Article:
As Down Under, so Up Top: Summertime play and mortal thoughts at Rosedale Park

By most measurements, Rosedale Park is one of the happiest places in the city.

On weekends and summer evenings, families gather at its picnic shelter for barbecues and birthday parties. Children climb on the jungle gym, teenagers skateboard, and couples play tennis. Neighbors walk their dogs behind the softball field, where adult teams send the ball high into the floodlights but rarely manage to complete a defensive play. 

Also, from dawn until dusk every single day, there is constant disc golf. 

But there’s something else here, too. Spend enough time in Rosedale Park — among its trees and its hidden contours, or even at the center of its disc-golf course — and you’ll occasionally feel the presence of death. 

For those of us from this corner of Kansas City, Kansas, Rosedale Park is a place of legend. I remember being driven there as a kid, the car cresting the Mission Road hill to reveal people playing soccer, flying kites or stretched across picnic blankets. Legends are not all sunny, though; as we grew up, we were instructed to avoid the park after dark. (By the late 1990s, following years of neighborhood complaints, the city had installed “head-in parking only” signs to discourage the park’s reputation as a cruising site for men.) And unless you were a fool or a serious pyromaniac, you didn’t want to be anywhere near Rosedale Park at any hour on the Fourth of July. 

The first 18 holes of disc golf were installed in Rosedale in 1984, a year or so after my first visit. Disc golf is similar to regular golf, except that it’s played with a Frisbee as the projectile and a metal basket as the target. You throw from a concrete tee pad toward the baskets, each of which is marked with a flag. Unlike the golf of Sunday-afternoon nap television, this form charges no green fees and needs no costly equipment. It can get technical and competitive, but anyone can play — it’s a pleasantly mindless way to relax outdoors and get faded with your friends.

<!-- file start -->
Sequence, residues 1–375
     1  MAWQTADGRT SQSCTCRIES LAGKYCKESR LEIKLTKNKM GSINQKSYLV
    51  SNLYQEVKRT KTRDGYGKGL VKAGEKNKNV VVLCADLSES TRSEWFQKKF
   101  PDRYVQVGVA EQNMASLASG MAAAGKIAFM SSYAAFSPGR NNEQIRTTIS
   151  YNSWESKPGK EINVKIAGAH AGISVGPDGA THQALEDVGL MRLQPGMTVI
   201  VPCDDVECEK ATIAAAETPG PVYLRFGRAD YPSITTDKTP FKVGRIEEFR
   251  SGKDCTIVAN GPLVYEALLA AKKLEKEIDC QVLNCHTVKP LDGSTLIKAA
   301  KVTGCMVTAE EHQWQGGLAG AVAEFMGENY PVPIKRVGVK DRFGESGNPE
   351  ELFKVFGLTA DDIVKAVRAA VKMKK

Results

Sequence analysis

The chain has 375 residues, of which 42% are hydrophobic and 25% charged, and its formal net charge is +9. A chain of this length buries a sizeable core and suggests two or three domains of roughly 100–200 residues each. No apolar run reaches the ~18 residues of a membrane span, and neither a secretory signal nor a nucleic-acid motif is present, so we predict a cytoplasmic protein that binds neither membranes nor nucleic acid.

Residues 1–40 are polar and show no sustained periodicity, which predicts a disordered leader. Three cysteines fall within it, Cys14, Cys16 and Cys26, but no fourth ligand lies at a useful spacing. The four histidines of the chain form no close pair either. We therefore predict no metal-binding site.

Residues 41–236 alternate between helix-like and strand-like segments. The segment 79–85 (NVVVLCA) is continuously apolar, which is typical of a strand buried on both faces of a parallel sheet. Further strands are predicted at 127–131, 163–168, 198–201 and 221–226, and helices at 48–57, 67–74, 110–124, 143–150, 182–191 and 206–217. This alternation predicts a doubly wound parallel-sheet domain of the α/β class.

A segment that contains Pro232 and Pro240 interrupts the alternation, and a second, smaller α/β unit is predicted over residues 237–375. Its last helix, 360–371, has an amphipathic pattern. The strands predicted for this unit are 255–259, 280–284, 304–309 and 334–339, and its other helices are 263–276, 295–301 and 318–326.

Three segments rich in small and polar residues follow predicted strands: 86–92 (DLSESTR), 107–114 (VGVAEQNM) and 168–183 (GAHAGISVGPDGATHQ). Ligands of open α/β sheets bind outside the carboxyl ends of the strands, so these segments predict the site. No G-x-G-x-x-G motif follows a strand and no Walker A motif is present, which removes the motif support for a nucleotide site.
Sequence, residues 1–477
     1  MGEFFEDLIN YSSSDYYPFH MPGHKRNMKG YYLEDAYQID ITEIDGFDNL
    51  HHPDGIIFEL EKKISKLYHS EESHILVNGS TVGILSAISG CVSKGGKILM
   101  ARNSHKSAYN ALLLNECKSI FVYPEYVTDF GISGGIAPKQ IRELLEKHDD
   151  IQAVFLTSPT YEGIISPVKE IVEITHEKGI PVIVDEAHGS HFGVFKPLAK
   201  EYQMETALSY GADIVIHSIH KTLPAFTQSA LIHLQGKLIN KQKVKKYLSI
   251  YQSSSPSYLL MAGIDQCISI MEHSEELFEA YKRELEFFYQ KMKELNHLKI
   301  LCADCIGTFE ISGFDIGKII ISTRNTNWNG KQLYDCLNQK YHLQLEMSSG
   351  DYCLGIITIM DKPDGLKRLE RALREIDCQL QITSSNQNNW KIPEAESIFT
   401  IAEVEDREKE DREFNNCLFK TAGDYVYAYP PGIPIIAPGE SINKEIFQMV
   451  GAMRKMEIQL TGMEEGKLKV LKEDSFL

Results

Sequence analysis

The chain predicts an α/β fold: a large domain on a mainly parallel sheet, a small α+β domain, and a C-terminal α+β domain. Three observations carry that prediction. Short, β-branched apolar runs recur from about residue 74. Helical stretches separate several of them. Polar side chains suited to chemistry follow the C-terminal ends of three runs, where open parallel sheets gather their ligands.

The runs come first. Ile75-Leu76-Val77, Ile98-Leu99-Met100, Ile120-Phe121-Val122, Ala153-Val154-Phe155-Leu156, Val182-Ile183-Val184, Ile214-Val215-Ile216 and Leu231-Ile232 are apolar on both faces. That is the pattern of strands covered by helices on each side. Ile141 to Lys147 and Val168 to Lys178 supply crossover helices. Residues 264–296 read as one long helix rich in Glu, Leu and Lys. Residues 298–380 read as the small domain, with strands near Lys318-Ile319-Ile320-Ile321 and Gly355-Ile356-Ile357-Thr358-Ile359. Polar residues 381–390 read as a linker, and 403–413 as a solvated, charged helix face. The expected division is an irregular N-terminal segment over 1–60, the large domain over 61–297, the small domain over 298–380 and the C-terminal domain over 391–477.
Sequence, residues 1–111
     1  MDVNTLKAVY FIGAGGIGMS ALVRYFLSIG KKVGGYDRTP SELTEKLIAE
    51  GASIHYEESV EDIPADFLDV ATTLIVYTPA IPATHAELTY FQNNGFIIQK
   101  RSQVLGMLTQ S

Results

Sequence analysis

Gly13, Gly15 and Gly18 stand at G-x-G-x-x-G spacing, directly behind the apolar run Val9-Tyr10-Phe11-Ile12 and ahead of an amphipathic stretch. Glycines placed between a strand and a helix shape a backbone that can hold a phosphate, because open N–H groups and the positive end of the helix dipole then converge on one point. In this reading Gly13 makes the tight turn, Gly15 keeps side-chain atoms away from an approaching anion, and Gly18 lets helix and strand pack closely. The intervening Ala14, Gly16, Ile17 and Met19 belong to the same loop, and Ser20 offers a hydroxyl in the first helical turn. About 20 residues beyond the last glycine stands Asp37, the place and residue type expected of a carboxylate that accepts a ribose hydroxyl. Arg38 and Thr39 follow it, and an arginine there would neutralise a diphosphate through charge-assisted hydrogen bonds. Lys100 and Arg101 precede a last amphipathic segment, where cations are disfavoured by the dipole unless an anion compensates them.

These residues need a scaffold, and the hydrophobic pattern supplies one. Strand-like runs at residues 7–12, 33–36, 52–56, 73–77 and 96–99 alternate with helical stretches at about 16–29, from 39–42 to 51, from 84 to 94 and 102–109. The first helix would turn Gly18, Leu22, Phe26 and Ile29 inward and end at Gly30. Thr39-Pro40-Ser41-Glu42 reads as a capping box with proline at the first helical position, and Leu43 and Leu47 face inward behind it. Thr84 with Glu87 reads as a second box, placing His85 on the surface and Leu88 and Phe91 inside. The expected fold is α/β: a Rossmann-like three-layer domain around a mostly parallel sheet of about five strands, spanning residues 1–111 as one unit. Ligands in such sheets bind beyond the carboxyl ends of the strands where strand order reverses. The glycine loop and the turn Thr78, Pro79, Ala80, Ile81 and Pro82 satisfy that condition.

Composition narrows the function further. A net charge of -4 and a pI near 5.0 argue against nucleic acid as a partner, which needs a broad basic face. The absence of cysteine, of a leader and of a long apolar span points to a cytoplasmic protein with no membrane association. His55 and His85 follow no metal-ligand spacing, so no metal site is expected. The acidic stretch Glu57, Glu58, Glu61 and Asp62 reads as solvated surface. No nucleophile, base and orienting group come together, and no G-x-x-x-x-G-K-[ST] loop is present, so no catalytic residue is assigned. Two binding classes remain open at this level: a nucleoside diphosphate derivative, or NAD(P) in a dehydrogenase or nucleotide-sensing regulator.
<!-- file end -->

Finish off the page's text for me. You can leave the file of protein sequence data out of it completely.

It was in just this way that I rediscovered Rosedale Park as a teenager. In high school, my friends and I played disc golf on Friday afternoons, completing in 15 tosses what would take us only three today. After the round, we’d sit on the bleachers behind home plate and try to figure out which of our classmates’ parents might be out of town — not an easy task in the era of pay phones and pagers. On the way home, we’d pick up a sandwich or a slab of ribs from the barbecue counter that had just opened in the gas station up the road. The place would go on to become quite famous, but at the time we didn’t know what it was called. 

In 1997, a second course opened at Rosedale. Referred to as “Down Under” because it circled the hills and bluffs beneath the main course, this newer layout was shorter but more challenging than what was now “Up Top,” with its thick groves of trees, sharper drop-offs and varying levels of soil erosion. With 36 holes spread over 55 acres, and the sport becoming increasingly popular in the Midwest, Rosedale Park was on its way to becoming one of the sport’s top regional destinations. In 2009, Rosedale was one of seven area courses featured in that year’s Disc Golf World Championships, hosted that year on both sides of the state line. A sleeper destination for disc golfers for years, Kansas City was now officially on the sport’s greatest stage. 

Even though he didn’t live to see the 2009 contest hosted by his hometown, Brock Barrett helped put Kansas City disc golf on the map. As a member of the Kansas City Flying Disc Club, he had volunteered with the design, landscaping and maintenance of the Down Under portion of Rosedale. 

Brock’s friends in the KCFDC recall him as a lanky, bleach-blond sidearmer who could be found at Rosedale almost every day and was quick to lend instruction or an extra disc to a beginner. He was often joined by his dog, Zeke. He loved the band STS9.